This is a photograph from 1970 featuring six girls dancing in a circle on a stage during Shavuot celebrations in Tel Aviv. The girls are wearing long white skirts and white embroidered shirts. The Israeli flag appears on the left of the stage, and the background scenery features the biblical passage:
“You shall observe the Feast of Weeks, of the first fruits of the wheat harvest.” (Exodus 34:22)
The scenery also includes a picture of two men holding a giant bunch of grapes on a pole, an image which is reminiscent of the twelve spies who surveyed the Land of Israel before the Jews entered for the first time.
Shavuot celebrations in modern Israel often include a modern version of the biblical tradition of bikkurim – the ceremony of the first fruits, in which the first fruits of the “seven species” were offered at the Temple. Today all new products are displayed as bikkurim; in agricultural settlements in particular, farming equipment, machinery, livestock, and even babies are shown as achievements of the past year.
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Bikkurim Celebrations in Modern Israel - The early settlements in modern Israel transformed the traditional Bikkurim ceremony into a secular agricultural celebration – first fruit ceremonies to rejoice the end of the harvest festival (another term for Shavuot). The first fruits in the kibbutzim, in contrast to the time of the Temple, are not only the seven species but all kinds of fruits, vegetables, livestock, and even the babies born in the past year. The ceremonies feature colourful performances of songs and dances and processions of decorated agricultural tools and machinery, farm produce, and young children.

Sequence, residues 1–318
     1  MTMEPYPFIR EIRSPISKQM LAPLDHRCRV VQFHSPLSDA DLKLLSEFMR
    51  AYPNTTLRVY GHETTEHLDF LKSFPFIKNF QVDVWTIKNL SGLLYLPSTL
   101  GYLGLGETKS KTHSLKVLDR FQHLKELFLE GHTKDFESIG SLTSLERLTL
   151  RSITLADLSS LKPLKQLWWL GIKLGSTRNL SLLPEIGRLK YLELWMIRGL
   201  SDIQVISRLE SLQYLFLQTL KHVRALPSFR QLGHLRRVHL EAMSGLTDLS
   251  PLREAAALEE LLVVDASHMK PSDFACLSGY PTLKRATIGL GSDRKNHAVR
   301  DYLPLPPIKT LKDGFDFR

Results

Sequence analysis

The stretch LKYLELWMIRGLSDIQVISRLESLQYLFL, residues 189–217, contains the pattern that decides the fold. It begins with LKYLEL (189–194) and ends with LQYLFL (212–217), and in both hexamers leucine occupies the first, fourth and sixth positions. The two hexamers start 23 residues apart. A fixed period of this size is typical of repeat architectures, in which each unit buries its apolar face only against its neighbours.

Shavuot - Shavuot, also known as the Festival of Weeks – is celebrated on the sixth of Sivan. Shavuot, one of the three biblical pilgrim festivals, commemorates many different things: it marks the day that the Israelites received the Torah on Mount Sinai; it celebrates the wheat harvest in Israel; and it signifies the end of the Counting of the Omer. It is celebrated with many colourful and festive traditions such as holding bikkurim ceremonies, eating dairy food, decorating the synagogue with flowers and greenery, reading the Book of Ruth, and studying the Torah all through the night (Tikkun Leil Shavuot). In modern Israel, kibbutzim celebrate Shavuot and the bikkurim with processions displaying their produce of the previous year, including fruit and vegetables, farm animals, and even the new babies!
Bikkurim - One of the names of Shavuot in the Torah is the festival of the first fruits. These first fruits are traditionally of the “seven species” that were special agricultural products of the Land of Israel: wheat, barley, grapes, figs, pomegranates, olives, and dates (Deuteronomy 8:8). According to Jewish tradition, the first fruits, Bikkurim, were brought to the priests in the Temple in Jerusalem, as described in the Torah: “The choice first fruits of your soil you shall bring to the house of the Lord your God...” (Exodus 23:19).